After 16 years of court battles, the DEA's chief administrative law judge, Francis L. Young, ruled on
September 6, 1988:
"Marijuana, in its natural form, is one of the safest therapeutically active substances known. ..."
"... [T]he provisions of the [Controlled Substances] Act permit and require the transfer of marijuana from
Schedule I to Schedule II."
"It would be unreasonable, arbitrary and capricious for DEA to continue to stand between those sufferers
and the benefits of this substance. ..."
Marijuana's placement in Schedule II would enable doctors to prescribe it to their patients. But top DEA
bureaucrats rejected Judge Young's ruling and refused to reschedule marijuana. Two appeals later,
petitioners experienced their first defeat in the 22-year-old lawsuit. On February 18, 1994, the U.S. Court of
Appeals (D.C. Circuit) ruled that the DEA is allowed to reject its judge's ruling and set its own criteria
enabling the DEA to keep marijuana in Schedule I.
However, Congress has the power to reschedule marijuana via legislation, regardless of the DEA's wishes.
TEMPORARY COMPASSION
In 1975, Robert Randall, who suffered from glaucoma, was arrested for cultivating his own marijuana. He
won his case by using the "medical necessity defense," forcing the government to find a way to provide
him with his medicine. As a result, the Investigational New Drug (IND) compassionate access program was
established, enabling some patients to receive marijuana from the government.
The program was grossly inadequate at helping the potentially millions of people who need medical
marijuana. Many patients would never consider the idea that an illegal drug might be their best medicine,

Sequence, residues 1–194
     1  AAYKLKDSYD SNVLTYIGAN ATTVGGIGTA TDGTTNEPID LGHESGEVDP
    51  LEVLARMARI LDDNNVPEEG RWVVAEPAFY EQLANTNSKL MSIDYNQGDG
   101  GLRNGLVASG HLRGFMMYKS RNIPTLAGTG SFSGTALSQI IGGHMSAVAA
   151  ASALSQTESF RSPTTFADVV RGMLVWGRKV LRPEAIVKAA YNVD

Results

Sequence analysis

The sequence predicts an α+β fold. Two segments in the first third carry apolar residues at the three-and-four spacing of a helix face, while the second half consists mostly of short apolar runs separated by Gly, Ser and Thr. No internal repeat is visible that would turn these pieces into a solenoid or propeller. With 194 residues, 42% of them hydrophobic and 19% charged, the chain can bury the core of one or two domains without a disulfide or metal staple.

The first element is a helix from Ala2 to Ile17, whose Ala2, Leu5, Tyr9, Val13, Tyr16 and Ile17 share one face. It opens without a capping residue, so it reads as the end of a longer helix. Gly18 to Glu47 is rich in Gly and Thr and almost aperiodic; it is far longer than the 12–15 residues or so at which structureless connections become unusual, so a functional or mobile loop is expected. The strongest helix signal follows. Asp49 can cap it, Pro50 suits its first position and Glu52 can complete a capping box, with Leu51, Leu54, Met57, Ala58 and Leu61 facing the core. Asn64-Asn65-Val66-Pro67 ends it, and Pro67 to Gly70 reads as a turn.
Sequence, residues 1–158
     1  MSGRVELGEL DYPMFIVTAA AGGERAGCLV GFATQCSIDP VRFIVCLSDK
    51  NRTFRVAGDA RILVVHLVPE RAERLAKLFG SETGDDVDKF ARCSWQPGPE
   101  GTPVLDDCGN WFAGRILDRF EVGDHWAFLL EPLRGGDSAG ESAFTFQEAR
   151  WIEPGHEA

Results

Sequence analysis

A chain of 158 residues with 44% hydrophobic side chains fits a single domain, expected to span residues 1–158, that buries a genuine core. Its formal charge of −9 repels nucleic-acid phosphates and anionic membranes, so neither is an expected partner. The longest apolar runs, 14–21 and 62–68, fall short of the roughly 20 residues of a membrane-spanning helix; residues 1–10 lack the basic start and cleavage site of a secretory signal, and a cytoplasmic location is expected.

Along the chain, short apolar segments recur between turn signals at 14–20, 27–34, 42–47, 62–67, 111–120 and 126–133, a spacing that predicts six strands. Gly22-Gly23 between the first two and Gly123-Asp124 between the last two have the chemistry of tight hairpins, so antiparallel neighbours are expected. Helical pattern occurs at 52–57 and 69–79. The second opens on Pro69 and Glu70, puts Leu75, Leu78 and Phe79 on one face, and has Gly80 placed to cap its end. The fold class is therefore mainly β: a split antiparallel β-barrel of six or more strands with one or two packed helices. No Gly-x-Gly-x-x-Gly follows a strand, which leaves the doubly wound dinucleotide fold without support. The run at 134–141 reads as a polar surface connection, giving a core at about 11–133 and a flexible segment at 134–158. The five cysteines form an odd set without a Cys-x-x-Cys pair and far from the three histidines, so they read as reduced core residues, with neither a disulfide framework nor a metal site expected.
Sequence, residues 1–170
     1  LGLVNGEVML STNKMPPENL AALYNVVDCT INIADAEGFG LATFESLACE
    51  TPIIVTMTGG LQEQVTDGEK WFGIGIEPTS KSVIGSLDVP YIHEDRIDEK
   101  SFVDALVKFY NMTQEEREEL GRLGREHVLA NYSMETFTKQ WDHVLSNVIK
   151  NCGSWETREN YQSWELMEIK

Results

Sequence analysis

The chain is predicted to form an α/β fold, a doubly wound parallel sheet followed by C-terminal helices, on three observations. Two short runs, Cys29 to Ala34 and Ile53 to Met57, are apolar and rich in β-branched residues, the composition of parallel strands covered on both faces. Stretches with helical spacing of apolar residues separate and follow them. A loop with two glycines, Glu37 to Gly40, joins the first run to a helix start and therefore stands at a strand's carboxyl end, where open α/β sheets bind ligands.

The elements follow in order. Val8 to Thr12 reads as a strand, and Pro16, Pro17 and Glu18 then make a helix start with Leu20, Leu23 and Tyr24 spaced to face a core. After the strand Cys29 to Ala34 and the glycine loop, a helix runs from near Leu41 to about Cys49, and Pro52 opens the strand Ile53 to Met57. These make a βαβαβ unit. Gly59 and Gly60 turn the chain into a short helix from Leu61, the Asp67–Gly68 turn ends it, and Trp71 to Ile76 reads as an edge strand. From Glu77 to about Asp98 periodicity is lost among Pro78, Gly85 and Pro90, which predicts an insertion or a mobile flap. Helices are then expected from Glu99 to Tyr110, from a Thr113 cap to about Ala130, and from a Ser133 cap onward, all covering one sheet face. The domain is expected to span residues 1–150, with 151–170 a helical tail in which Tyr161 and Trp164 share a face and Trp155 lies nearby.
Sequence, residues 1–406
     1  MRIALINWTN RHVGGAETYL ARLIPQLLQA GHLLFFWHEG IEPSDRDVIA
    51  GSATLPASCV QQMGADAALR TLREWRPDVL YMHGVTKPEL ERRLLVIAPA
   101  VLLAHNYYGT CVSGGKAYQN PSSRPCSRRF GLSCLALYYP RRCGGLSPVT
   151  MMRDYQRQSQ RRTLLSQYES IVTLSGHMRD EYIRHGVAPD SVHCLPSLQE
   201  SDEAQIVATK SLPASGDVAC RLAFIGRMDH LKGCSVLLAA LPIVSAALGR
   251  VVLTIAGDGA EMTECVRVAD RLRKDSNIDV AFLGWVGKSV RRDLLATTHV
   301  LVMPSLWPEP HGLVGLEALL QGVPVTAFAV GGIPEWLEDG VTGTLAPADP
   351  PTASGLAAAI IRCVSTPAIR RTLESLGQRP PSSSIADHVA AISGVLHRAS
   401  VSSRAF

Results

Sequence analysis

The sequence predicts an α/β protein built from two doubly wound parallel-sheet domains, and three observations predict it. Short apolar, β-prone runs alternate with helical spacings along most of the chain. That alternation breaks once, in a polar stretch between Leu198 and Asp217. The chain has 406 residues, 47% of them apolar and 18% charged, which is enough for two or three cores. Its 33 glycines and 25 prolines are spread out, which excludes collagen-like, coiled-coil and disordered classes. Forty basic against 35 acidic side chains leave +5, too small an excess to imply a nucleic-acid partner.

and most who were fortunate enough to discover marijuana's medical value did not discover the IND
program. Those who did often could not find doctors willing to take on the program's arduous, bureaucratic
requirements.
In 1992, in response to a flood of new applications from AIDS patients, the George H.W. Bush
administration closed the program to new applicants, and pleas to reopen it were ignored by subsequent
administrations. The IND program remains in operation only for the four surviving, previously approved
patients.
PUBLIC AND PROFESSIONAL OPINION
There is wide support for ending the prohibition of medical marijuana among both the public and the
medical community:
Since 1996, a majority of voters in Alaska, Arizona, California, Colorado, the District of Columbia,
Maine, Massachusetts, Michigan, Montana, Nevada, Oregon, and Washington state have voted in favor of
ballot initiatives to remove criminal penalties for seriously ill people who grow or possess medical
marijuana.
A May 2013 Fox News poll found that 85% of Americans think "adults should be allowed to use
marijuana for medical purposes if a physician prescribes it.

Organizations supporting some form of physician-supervised access to medical marijuana include the